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As trade winds blow less frequently and temperatures stubbornly remain at record highs, the Hawaii Department of Education announced a new policy Thursday that it hopes will empower schools to take the lead in cooling classrooms.
The DOE met its goal in August 2017 of cooling 1,000 classrooms with a $100 million legislative appropriation through the much-touted “Cool Classrooms Initiative.” But with those funds now depleted, there are still roughly 5,000 classrooms statewide without air conditioning.
The department is now trying to streamline the self-installation of window AC units by offering to provide an assessment of a school’s electrical capacity to handle the units and recommend which ones are best. It’s then up to the school to install the AC units through a donation or fundraising or its own budget.
The DOE is billing this new process the “School Directed AC Program.” It’s completed 40 such technical assessments since last fall, paving the way for 52 schools to install— and self-subsidize — 200 new window AC units.
“The spirit of the school directed AC program is to help the schools help themselves,” said John Chung, DOE public works administrator.
The DOE’s $100 million “Cool Classrooms Initiative” included not just the installation of new air-conditioning units, but alternative cooling methods like solar-powered air conditioning and passive cooling methods like ceiling fans, insulation and heat-reflective paint.
But not all the installations have been fail-proof: out of the 1,000 solar panel systems that were installed, a handful are malfunctioning, according to Chung. This is due to issues with batteries and computer hardware and the department is working to address those deficiencies, he said.
Many schools are still sweltering because they haven’t been outfitted with AC or other passive cooling methods, or just aren’t equipped to handle AC units.
DOE schools have always had the ability to procure and install their own AC units in classrooms, according to Chung.
But they had to first demonstrate the classrooms had the electrical capacity to support AC units by verifying the technical specifications, not to mention get approval from multiple DOE offices to install AC. Meeting the technical requirement is the hardest and most crucial step — which is why this new policy helps streamline the process, Chung said.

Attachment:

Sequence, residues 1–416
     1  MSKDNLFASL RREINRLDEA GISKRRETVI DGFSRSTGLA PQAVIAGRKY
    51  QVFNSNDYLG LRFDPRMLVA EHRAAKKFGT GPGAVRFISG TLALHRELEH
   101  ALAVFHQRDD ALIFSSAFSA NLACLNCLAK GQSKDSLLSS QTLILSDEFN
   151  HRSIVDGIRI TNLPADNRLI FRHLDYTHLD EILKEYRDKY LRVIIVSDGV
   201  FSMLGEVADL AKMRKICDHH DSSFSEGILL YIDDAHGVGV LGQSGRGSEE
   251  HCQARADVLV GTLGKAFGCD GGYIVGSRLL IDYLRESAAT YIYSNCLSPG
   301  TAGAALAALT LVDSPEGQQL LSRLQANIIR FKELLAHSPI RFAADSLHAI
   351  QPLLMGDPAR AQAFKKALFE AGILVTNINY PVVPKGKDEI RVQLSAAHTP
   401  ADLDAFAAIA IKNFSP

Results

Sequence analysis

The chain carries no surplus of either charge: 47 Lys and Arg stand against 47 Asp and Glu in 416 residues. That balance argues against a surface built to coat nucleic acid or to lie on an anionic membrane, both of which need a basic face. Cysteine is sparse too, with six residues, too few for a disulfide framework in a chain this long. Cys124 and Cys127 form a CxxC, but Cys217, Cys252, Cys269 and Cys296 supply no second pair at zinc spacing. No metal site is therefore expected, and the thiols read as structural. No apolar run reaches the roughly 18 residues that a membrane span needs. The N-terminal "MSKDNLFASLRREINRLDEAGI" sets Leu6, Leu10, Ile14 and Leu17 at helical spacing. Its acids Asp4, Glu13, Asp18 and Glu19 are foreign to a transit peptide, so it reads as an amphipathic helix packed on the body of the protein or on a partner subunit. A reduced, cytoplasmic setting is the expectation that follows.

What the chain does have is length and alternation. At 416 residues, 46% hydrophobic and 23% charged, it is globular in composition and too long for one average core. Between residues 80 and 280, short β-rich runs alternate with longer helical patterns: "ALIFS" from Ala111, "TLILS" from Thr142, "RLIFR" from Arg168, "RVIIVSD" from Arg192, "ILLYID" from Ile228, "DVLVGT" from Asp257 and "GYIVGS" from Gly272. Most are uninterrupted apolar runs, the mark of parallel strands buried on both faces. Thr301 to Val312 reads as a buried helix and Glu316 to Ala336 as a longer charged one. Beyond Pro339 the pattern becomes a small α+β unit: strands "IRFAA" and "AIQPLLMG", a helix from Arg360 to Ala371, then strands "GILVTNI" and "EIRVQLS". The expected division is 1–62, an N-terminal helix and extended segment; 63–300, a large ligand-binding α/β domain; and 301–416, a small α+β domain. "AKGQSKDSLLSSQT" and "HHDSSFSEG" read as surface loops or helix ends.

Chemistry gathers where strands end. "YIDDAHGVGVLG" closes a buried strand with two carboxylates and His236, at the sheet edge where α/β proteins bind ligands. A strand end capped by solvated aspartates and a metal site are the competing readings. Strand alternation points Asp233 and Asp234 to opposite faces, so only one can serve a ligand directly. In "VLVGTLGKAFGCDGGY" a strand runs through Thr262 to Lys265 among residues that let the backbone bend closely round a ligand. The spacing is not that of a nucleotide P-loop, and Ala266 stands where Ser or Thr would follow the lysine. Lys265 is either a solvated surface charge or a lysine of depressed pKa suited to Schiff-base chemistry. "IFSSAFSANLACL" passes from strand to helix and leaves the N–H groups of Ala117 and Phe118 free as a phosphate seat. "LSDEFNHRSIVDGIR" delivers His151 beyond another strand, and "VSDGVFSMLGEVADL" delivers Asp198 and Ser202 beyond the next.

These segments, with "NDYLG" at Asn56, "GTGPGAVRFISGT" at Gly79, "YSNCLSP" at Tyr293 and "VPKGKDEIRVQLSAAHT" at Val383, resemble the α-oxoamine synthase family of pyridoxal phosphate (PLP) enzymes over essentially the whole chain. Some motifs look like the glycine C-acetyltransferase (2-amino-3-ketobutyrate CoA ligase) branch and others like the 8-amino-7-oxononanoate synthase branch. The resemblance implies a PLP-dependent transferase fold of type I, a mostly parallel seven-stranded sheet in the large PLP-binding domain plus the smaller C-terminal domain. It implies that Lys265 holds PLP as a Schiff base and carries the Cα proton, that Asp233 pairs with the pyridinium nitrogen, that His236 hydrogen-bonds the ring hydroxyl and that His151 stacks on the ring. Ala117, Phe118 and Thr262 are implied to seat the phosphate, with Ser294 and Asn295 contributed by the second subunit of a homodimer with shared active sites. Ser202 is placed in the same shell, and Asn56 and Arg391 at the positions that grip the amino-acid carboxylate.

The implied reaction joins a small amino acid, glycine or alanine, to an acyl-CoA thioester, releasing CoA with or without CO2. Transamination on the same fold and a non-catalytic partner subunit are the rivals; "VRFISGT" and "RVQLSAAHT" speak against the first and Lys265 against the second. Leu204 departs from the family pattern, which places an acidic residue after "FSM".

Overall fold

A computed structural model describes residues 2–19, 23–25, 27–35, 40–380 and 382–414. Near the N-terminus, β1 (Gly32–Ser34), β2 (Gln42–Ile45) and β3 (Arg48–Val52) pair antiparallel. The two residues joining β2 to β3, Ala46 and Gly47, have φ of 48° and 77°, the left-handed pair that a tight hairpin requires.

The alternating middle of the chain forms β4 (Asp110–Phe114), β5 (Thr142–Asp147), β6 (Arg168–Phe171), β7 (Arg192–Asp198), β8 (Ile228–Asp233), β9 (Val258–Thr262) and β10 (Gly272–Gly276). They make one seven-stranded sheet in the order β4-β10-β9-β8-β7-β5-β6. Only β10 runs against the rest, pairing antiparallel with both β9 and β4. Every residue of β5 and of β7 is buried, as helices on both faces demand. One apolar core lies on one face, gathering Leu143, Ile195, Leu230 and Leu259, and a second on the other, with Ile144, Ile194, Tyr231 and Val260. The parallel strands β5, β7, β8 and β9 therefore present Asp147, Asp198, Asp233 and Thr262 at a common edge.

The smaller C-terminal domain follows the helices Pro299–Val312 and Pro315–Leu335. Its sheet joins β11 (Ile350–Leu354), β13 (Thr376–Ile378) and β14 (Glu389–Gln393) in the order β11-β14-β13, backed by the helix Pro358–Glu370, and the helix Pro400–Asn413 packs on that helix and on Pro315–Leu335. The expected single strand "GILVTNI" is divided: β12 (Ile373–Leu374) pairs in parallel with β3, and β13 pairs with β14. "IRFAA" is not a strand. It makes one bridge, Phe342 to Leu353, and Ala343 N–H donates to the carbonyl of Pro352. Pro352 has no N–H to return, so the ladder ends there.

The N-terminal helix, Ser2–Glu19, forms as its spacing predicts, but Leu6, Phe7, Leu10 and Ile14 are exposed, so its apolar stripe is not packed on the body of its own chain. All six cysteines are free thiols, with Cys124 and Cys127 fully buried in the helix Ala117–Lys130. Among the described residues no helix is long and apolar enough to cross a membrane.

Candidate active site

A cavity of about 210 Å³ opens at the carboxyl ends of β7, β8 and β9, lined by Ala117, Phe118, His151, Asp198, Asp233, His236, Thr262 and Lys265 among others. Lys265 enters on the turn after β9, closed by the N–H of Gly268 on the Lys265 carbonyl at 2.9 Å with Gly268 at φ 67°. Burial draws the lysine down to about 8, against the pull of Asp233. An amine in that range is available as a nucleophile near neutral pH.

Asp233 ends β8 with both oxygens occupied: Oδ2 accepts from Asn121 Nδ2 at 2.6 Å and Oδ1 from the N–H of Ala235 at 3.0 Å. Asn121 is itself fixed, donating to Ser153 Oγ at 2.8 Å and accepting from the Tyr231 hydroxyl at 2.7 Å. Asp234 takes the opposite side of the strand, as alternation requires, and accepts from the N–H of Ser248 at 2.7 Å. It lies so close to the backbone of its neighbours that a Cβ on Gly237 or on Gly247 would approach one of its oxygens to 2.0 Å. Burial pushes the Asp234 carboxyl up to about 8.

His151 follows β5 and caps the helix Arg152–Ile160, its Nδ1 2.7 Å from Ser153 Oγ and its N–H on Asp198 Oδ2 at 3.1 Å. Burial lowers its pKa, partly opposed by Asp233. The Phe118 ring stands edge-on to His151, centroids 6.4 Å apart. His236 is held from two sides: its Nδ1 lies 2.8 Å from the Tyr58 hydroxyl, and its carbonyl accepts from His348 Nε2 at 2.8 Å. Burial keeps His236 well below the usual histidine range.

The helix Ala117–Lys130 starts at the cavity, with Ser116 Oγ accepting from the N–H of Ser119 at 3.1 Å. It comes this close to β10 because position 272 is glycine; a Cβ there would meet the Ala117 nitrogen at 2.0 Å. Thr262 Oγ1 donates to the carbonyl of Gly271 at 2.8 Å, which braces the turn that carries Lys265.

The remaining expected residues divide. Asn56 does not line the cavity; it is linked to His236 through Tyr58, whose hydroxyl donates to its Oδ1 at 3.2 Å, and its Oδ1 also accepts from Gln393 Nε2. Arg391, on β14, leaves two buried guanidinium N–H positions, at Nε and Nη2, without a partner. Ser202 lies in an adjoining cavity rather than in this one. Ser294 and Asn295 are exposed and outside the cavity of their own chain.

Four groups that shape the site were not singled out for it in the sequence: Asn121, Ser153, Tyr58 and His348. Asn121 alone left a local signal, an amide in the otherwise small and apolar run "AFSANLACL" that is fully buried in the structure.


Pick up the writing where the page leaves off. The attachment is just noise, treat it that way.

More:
More than half of the 256 DOE schools are past their prime, with some buildings topping 100 years old. That means some buildings might not be able to handle the circuitry of a new AC unit. Do-it-yourself AC installations, without the proper checks, could lead to blown circuits.
The technical assessments are being performed by outside consultants and can take up to several days. They are being funded through remaining funds under the Heat Abatement design contract, according to Chung.
According to estimates from the Hawaii State Teachers Association, an average DOE classroom would need two commercial-grade, 2-ton window AC units to properly cool the room at a total cost of about $3,200.
In a press release Thursday, the HSTA encouraged schools to come up with the money to purchase and install AC units through a fundraiser or booster groups or by working with state legislators “to appropriate funds during the next legislative session that begins in January 2020.”
HSTA President Corey Rosenlee called the DOE’s new process “a really great step.”
“By allowing schools officially to put in wall units, thousands of classrooms that couldn’t have AC … can put it in affordably and don’t have to wait,” he said.
According to Rosenlee, more DOE schools today are also in a better position to install energy-efficient window AC units since many schools have replaced fluorescent light bulbs with LED lights, reducing their energy usage and expanding their electrical load to run AC units, through a $46 million legislative appropriation from Hawaii’s green infrastructure special fund.
All of Oahu’s 171 public schools now have LED lights and more than half the neighbor island schools have them, according to HSTA.
The state’s 36 public charter schools are not impacted by the new AC policy, since they’re responsible for finding and paying for their own facilities, upgrades and assessments.
On the official HSTA Facebook page, some teachers cheered the DOE’s new direction in policy while others questioned the electrical capacity at their school or ability to come up with the money.
“If your school does not have the funding, we suggest that you contact your state representative or senator to advocate for funding,” the HSTA administrator managing the thread wrote. “This policy also dramatically lowers the cost of putting AC in our classrooms, which makes it easier for legislators to advocate for funding.”
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